Make no mistake about it, Fabrizio Sciacca isn't merely "gettin' it there." He's already got it here. This debut from the Berklee- and Manhattan School of Music-trained bassist presents an artist with solid intonation, impeccable time, a warm and enveloping tone, and an ear for melody. In short, he has it all.
Leading a top-shelf group filled-out with pianist Donald Vega, drummer Billy Drummond and guest tenorist Jed Levy, Sciacca starts off with a nod to Sam Jones in the form of that bassist's bluesy "One For Amos." It's a number that allows the leader to both sing and swing, with a melodic pizzicato head and some solid walking lines supporting the core. Then he leads from below, choosing all the right notes to support Vega's visions during "Lullaby In Central Park," a 3/4 charmer penned, specifically for this date, by pianist Andrea Domenici.
Visiting Sonny Clark's infrequently performed "Zellmar's Delight," Levy and the leader each make their marks with sanguine statements. Then the frolicsome feelings continue with a chipper tribute to bass icon Ron Carter with the original "For Sir Ron." Sciacca's technical strengths and swing bona fides are clearly established by this point, so heartfelt directness and lyricism pick up the baton for "A Nightingale Sang In Berkeley Square." It's a balladic beauty that emphasizes a less-is-more approach. In the penultimate position rests Levy's "Lonely Goddess," a straight-time feature for his dry-and-spry horn and Vega's piano. It's a notable inclusion, both as a change of pace and for its moody allure. And finally, at program's end, sits Elmo Hope's "One Second Please," a hard bop happening and zestful sign-off driven by Drummond's irrepressible stick work.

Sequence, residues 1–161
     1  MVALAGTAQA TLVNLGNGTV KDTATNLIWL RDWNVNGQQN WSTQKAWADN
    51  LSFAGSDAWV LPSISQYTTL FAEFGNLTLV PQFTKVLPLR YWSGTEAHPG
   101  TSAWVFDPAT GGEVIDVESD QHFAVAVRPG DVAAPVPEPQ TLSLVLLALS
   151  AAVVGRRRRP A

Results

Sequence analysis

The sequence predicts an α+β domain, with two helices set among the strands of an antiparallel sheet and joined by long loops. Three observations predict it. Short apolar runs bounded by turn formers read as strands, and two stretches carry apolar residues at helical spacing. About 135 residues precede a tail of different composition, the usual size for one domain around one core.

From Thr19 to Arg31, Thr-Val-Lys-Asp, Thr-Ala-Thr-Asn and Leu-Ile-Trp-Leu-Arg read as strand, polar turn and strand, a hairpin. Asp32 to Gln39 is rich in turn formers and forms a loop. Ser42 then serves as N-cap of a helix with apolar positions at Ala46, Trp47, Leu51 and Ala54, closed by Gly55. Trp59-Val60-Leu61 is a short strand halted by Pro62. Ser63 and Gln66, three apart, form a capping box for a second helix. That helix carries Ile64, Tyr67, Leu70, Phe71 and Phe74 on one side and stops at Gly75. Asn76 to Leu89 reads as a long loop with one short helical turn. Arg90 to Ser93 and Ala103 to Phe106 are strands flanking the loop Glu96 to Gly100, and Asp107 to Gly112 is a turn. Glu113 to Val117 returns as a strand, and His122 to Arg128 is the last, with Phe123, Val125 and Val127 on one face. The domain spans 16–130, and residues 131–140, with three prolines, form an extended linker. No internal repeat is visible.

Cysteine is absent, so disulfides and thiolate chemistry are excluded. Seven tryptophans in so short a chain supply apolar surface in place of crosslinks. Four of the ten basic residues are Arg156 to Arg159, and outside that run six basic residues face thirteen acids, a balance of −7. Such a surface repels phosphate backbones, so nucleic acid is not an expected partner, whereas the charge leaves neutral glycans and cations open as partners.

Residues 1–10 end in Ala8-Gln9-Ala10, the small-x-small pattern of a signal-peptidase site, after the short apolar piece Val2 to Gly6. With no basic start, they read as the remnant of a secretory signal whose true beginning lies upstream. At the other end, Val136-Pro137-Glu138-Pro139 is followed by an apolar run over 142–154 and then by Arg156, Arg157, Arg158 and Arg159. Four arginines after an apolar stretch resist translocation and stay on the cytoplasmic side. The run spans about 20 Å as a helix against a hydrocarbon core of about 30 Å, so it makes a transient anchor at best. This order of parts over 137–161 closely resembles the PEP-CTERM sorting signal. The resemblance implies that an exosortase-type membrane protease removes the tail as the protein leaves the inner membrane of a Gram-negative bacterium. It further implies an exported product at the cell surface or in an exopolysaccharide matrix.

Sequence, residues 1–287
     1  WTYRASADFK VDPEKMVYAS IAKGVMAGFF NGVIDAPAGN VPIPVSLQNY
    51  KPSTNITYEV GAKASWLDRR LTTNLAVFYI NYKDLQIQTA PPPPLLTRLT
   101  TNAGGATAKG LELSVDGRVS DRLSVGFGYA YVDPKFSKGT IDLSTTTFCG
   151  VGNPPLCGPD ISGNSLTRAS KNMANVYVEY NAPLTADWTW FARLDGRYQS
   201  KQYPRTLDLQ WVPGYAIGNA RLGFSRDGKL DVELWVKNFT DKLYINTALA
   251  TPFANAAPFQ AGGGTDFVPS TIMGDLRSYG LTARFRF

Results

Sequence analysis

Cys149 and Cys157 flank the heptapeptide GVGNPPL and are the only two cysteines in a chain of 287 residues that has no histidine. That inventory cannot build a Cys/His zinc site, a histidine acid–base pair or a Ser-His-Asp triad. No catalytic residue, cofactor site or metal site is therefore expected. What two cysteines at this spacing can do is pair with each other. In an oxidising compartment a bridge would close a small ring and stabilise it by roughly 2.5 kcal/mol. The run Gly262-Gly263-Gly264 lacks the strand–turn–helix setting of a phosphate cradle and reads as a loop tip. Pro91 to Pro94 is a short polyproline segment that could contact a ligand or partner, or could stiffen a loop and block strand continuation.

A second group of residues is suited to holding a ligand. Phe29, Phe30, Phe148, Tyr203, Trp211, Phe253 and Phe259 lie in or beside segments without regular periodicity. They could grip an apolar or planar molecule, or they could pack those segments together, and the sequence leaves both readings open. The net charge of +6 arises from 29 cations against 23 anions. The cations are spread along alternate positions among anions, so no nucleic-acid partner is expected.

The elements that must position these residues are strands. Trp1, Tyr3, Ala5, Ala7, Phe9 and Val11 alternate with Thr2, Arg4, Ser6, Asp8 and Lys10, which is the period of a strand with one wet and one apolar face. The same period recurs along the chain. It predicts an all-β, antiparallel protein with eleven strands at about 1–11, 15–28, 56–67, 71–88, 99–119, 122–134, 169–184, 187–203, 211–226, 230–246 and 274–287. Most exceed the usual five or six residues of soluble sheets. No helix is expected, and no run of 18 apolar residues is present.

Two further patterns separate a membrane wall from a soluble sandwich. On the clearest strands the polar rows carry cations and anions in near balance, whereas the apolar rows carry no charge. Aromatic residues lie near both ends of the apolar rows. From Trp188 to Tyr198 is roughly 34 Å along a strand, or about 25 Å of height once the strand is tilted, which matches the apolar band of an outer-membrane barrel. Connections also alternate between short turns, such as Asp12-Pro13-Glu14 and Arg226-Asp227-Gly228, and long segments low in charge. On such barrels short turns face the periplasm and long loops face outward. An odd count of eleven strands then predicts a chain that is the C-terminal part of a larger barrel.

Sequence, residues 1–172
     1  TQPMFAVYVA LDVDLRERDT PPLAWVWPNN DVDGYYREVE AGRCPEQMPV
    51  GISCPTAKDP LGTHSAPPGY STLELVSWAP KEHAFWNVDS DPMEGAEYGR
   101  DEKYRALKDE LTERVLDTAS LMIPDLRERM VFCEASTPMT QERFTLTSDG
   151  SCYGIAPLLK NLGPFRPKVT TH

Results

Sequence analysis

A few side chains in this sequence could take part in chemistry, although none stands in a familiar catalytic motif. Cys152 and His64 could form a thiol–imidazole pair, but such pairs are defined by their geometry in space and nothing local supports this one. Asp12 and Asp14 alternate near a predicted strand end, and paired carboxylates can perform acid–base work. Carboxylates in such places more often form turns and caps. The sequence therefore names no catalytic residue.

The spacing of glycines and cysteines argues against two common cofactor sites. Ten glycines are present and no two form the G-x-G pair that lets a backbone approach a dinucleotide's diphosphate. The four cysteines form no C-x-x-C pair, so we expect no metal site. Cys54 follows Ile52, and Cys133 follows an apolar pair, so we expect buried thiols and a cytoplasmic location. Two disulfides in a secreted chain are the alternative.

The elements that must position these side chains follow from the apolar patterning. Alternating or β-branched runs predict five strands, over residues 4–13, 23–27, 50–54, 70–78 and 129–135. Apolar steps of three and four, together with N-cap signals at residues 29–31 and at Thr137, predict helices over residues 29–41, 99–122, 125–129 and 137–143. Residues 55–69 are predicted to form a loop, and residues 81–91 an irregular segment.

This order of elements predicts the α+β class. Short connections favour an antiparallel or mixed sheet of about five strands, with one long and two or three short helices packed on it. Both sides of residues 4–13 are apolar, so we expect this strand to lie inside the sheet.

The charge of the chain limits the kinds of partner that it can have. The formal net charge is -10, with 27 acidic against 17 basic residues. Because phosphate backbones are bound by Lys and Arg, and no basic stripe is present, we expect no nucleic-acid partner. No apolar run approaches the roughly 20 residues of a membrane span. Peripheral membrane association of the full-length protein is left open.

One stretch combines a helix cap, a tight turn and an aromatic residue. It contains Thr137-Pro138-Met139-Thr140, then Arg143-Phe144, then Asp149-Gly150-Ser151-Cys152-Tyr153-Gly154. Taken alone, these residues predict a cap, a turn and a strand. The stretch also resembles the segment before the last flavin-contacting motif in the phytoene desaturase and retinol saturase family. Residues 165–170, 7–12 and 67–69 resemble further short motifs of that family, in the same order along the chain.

The whole album is over and done with in a mere 44 minutesa display of brevity that plenty of musicians can learn fromand there's not a wasted effort on the playlist. Sciacca really impresses here, displaying a strong understanding of the tradition and a firm sense of self. You never know what the future may hold, but it would certainly appear that he's going places.
One For Amos; Lullaby In Central Park; Zellmar's Delight; For Sir Ron; A Nightingale Sang In Berkeley Square; Lonely
Goddess; One Second Please.
Fabrizio Sciacca: bass; Jed Levy: tenor saxophone; Donald Vega: piano; Billy Drummond: drums.
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